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Should/Can I switch providers mid-treatment?



Junior member
Sep 12, 2023
Nashville, TN
I've had a severe phobia since childhood. So much so, that until recently, I had not been to a dentist in dozens of years.
This visit started OK. I was obviously a wreck and explained my phobia to the x-ray tech and the dentist, & then the hygienist when she came in to do the cleaning. They were all very understanding and encouraging, and the hygienist was very obviously extra-careful and checked on me often, so for the first half, I was actually able to calm down quite a bit. I needed deep cleaning & a crown (surprisingly no cavities at all). They decided to do only half of my mouth (literally one side of my face), and I am supposed to go back for the rest. This first one included the cleaning and the temporary crown. As I said, they hygienist was great. However, when the dentist came in to actually work, the "nice guy" persona was gone. I know it sounds dramatic, but I truly felt like she was irritated with me or just didn't even like me. The cleaning had taken quite a while, so the numbing was wearing off and I could feel the drill. She numbed it again at the site - without warning (all of the others I knew were coming), and did not wait even a full minute before going back in with the drill. I knew it wouldn't be numb yet, and sure enough, it wasn't. Instead of waiting, she then proceeds, again without warning, to jam the needle into my back jaw. It hurt tremendously and I told her so and told her it felt like it "hit wrong." She didn't respond at all. With this one, she did wait about 10 minutes before proceeding, and I was numb finally. So numb, in fact, that I did not feel as she apparently burned the inside of my cheek with the drill. I found this later when I had a dime-sized blister come up that left me in awful pain when I talked or did anything with my mouth, and left me only able to eat liquids for a week. Additionally, the location of the last shot caused me what I assume is a type of lockjaw. It's been 20 days now, and I still cannot open my mouth fully, it hurts if I try and exercise it to loosen it up, and doing so also causes me a painful headache, so I'm basically just waiting it out at this point.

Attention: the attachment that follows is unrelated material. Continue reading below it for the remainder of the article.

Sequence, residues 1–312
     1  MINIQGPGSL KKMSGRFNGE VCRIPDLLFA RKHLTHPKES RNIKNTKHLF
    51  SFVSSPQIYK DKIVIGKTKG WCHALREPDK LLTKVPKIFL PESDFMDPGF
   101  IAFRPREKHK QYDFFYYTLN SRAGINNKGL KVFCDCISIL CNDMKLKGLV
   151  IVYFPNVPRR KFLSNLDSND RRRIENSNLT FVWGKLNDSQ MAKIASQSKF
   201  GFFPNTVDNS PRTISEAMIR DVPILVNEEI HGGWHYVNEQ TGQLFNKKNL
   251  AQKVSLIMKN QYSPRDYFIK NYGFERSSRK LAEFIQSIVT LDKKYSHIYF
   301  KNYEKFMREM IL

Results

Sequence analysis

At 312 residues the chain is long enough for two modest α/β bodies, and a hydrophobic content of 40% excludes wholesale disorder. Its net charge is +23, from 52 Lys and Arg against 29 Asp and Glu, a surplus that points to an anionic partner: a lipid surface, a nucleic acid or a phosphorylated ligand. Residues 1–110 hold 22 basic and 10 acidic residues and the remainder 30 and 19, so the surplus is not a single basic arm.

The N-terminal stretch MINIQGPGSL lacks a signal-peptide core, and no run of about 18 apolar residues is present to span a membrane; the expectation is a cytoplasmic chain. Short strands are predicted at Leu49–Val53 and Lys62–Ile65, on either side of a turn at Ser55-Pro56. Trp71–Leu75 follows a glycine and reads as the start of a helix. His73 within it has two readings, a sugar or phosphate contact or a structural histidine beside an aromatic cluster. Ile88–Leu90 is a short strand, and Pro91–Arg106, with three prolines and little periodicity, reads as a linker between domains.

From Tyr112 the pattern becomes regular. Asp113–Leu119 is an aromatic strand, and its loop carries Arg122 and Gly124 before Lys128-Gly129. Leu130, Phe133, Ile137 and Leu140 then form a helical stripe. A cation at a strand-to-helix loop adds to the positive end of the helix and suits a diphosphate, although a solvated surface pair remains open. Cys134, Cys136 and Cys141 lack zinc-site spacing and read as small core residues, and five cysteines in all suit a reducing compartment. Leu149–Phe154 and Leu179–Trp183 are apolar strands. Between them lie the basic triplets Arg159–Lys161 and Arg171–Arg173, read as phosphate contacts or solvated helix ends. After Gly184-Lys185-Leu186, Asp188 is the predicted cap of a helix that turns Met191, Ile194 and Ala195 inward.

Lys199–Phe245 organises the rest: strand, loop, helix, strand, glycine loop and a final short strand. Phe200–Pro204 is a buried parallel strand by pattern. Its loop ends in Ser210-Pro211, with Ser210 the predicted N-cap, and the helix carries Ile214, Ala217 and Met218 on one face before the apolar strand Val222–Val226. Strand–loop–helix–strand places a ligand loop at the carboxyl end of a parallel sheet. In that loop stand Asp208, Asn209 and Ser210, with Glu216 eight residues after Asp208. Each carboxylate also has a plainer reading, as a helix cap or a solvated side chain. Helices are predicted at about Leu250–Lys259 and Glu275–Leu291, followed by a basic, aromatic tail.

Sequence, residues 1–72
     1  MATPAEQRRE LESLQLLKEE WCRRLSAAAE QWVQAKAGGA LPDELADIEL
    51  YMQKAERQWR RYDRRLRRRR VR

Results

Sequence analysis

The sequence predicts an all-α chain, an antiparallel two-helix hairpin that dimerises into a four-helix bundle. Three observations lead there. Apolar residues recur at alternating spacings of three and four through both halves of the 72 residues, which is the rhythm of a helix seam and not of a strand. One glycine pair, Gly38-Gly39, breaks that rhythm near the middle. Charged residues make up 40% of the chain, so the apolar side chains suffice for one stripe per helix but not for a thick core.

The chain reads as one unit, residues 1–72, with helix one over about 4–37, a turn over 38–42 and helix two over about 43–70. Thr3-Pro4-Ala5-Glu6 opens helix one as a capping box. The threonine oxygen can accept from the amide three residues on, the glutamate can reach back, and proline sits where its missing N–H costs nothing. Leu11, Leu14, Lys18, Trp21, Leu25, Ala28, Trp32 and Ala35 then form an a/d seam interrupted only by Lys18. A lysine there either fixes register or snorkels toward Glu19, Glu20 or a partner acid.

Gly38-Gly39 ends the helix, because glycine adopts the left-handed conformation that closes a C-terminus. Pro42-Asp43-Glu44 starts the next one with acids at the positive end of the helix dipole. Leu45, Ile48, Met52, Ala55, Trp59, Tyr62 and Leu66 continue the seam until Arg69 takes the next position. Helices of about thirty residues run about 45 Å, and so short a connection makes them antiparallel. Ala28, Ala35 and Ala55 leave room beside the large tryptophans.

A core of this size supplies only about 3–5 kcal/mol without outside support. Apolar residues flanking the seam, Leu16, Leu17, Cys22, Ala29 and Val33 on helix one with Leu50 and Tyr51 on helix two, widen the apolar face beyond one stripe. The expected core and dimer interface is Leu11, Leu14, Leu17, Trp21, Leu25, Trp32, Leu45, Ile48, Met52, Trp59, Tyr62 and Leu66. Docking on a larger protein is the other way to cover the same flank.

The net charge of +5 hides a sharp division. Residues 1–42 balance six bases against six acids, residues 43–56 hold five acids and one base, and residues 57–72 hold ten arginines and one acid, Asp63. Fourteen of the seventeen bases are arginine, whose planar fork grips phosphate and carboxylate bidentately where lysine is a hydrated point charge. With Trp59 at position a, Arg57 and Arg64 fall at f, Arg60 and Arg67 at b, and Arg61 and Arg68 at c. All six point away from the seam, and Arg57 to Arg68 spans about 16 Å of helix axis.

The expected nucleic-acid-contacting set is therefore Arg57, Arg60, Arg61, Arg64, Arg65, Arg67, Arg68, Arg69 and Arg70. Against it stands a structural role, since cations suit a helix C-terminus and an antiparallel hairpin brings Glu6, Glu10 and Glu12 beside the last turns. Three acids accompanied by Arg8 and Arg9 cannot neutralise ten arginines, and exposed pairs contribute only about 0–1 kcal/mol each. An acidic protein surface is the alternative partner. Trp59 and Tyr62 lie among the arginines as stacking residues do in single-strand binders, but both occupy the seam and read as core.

I am supposed to go back for the other side and for the permanent crown and I am terrified. I can't make myself do it - I also can't open my mouth fully, so that's at least giving me a reason to wait. As I type this, I'm in tears because just the idea scares me... terrifies me. I don't want to go back. I have severe gum disease from my neglect, I have to go back and I just don't know how to do it. I am incredibly non-confrontational, so I haven't spoken any of this to the office, and I don't want to. I truly don't want to return to the office and/or say anything to them at all; and you should know that if we're being honest, I very likely will not. What I want to do is just go somewhere else. I also feel like I was greatly over-charged, and/or charged incorrectly and I'm not sure how to even tell for sure. Anyway, can I go somewhere else? There is an office nearer to me that I should've chosen in the first place. Will my insurance refuse the change? Or will they charge me full price for the remaining work because the billing started elsewhere? My avoiding the dentist my whole life has made me completely ignorant on any of it from procedures to billing practices.